Don’t overlook the upper stream reaches. Some creeks that are just a trickle under the bridge may have some impressive pools farther upstream. Because these headwater creeks receive less fishing pressure, your chances of encountering large brook or brown trout are excellent, especially in September as browns and brookies migrate upstream in preparation for spawning.

Iowa streams have no closed season for fly fishing. Wisconsin and Minnesota streams close at the end of September. Some southeast Minnesota streams open January 1 to catch-and-release, while the regular season opens in April. Most Wisconsin streams open for catch-and-release fly fishing beginning in March, and the general opener is in early May.
Brown trout are the most common catch in Midwest spring creeks, but rainbows and wild brook trout are also present. Caddis, small mayfly, and terrestrial imitations are effective.


The spring creeks do not freeze during winter and midges, black stoneflies, and Baetis hatch through the winter months. Trout become less selective then because they have fewer food choices. Scud and leech imitations are productive during nonhatch periods.

Midges hatch daily on Driftless Area streams during winter, and at times even large trout feed on them. Most midges are dark, either black or gray, and can be as large as #18. Cloudy, windless days when the water is clear are the best conditions for fishing midge hatches. Trout routinely begin their day feasting on midge larvae, then follow the hatch upward for ascending pupae, film-bound pupae, and adults. As the day warms, scuds or Baetis nymphs become active. Simple, straight-forward imitations tied on 6X or 7X tippets work well.

I find Baetis nymphs in my stomach-pump samplings of winter-caught trout. Hatching Baetis duns are common in February, and I use Pheasant-tail Nymphs and #18 parachute adult imitations to match them. A particularly valuable dun/emerger pattern is the Fuzzball, because it can be used both as a buoyant and highly visible indicator dry fly (that will support a small nymph or pupa) or as a single fly.

In streams with stonefly populations, dark stonefly nymphs in #10 to #20 are important. Dry-fly fishing with an adult pattern, or even a black caddis imitation, is great fun on a winter afternoon when trout are not particularly selective about patterns.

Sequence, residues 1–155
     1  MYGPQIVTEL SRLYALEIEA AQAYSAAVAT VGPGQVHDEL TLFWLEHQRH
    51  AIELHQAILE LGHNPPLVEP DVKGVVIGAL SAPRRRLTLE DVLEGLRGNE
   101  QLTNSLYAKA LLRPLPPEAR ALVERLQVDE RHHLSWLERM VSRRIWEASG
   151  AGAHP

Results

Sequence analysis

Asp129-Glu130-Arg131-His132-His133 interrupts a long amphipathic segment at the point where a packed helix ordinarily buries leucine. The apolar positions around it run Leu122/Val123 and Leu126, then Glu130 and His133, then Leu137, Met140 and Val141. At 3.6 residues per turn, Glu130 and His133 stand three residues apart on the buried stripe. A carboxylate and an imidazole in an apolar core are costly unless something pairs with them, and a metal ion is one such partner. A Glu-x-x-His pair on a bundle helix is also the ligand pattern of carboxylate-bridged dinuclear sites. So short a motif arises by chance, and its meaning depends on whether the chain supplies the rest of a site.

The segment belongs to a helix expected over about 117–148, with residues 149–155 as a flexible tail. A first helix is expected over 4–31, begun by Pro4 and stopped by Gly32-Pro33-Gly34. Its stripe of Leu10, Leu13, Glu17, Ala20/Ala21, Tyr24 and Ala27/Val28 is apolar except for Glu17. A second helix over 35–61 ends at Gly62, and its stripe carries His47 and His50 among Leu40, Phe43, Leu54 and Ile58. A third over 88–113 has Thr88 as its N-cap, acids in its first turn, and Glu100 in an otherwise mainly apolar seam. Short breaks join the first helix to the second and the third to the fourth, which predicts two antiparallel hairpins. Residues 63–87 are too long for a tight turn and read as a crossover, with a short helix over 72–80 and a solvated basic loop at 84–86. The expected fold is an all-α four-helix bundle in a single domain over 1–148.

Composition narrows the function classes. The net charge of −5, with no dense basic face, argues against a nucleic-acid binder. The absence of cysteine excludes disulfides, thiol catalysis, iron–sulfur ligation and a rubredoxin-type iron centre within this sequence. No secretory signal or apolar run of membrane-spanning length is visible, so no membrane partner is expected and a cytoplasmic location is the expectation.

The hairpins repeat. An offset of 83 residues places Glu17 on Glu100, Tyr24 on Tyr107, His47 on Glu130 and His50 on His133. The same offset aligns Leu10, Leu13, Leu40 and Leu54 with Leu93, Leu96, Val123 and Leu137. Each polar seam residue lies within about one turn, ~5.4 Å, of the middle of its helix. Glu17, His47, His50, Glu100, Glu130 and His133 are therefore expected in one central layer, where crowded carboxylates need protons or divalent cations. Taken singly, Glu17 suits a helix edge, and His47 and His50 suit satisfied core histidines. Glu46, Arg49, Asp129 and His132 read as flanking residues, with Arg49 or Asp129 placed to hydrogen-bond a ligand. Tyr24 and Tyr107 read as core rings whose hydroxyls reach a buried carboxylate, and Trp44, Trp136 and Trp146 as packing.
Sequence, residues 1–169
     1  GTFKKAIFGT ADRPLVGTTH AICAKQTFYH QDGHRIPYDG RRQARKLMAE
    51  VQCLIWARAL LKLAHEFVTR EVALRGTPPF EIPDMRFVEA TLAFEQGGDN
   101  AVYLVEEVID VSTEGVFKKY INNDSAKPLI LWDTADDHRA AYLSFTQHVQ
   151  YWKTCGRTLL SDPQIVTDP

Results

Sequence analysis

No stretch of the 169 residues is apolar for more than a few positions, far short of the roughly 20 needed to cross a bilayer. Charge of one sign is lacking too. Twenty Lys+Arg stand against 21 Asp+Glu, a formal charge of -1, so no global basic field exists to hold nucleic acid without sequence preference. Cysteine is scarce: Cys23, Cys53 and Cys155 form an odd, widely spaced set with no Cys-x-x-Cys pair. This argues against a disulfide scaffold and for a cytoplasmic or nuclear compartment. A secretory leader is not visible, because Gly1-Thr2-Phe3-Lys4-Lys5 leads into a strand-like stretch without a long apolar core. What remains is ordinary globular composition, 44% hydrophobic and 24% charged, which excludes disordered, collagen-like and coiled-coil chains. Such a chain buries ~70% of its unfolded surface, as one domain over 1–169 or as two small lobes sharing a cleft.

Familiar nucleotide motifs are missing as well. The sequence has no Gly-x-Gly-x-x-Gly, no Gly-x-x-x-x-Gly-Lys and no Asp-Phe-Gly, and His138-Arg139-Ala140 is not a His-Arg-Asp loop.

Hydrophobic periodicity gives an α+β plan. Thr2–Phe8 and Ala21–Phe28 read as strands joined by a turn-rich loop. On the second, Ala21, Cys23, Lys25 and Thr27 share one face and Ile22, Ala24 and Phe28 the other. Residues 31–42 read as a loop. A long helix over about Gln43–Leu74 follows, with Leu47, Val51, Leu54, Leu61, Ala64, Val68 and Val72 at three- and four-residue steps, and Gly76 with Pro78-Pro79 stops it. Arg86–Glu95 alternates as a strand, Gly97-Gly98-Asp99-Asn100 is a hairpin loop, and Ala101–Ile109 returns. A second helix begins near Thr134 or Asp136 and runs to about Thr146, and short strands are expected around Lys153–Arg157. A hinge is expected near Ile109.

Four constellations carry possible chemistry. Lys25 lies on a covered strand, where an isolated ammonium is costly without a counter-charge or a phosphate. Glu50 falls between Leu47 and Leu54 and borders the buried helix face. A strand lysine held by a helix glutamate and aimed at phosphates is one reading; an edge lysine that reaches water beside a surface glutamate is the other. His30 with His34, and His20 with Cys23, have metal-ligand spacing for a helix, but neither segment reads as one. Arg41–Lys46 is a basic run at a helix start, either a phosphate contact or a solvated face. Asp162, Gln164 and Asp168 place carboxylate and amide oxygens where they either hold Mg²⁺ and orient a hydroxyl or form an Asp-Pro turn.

March and April are especially good times to explore because you can avoid the heavy snow of winter and the vegetation of summer. In spring the minimal aquatic weed growth enables you to see the streambed and fish without catching weeds, but by August the lush aquatic vegetation has narrowed and deeply channeled the streams. Also, in March and April the snow has flattened bankside vegetation, making walking and backcasts much easier.
Constant water temperatures and the fertile limestone ecology of Midwest spring creeks produce heavy mayfly and caddis hatches and large wild trout.

Trout-feeding activity increases with the coming of spring and its insect hatches. Baetis and midge hatches continue and the black stoneflies persist. Brachycentrus caddis, (also known as Grannom), begin hatching around the second week of April, continue heavily for about two weeks, and offer the best surface fishing of the year. These insects, like Baetis and midges, hatch on all Driftless Area streams. When Brachycentrus are hatching, trout take the larvae early in the day then switch to ascending pupae in mid to late morning. Trout rise aggressively to the adult caddis, which are usually on the water before noon. You can make a reasonable estimate of a stream’s trout population when the fish are up and feeding on caddis.

I tie my larval patterns on weighted, #14 scud hooks with an olive abdomen ribbed with copper wire and a head of any spiky, black dubbing. For the adult, I use a #16-#18 dry-fly hook with a thinly dubbed charcoal Antron (or muskrat fur) abdomen and thorax, black hackle, and a charcoal colored wing of swiss straw, deer hair, or poly yarn.

Sulphurs aren’t as common as Baetis or Brachycentrus. Some streams have excellent populations of Sulphurs, while others have only sparse hatches. Sulphurs begin hatching in mid-May and last through June. The three main species range from #14 through #18. Hendricksons also hatch sporadically on some streams in the spring.

A much more widespread and long-lasting hatch found on all streams is the Yellow Crane Fly, which begins hatching in late May and continues through the summer. Trout seem to be especially fond of these insects, which flutter over the water in the evening. Not many bugs need to be on the water to start trout feeding. A #16 Yellow Crane Fly imitation skittered over the surface in the vicinity of rising fish works well.
The Brown Hackle Peacock (BHP) Beetle is an excellent choice as an early-season searching pattern. The BHP Beetle suggests a beetle or stonefly and lands on the water with an insect-like plop. Trout willingly rise to this fly, or at least take a look. Start with the beetle about mid or late morning; use a 5X tippet, and stay with it.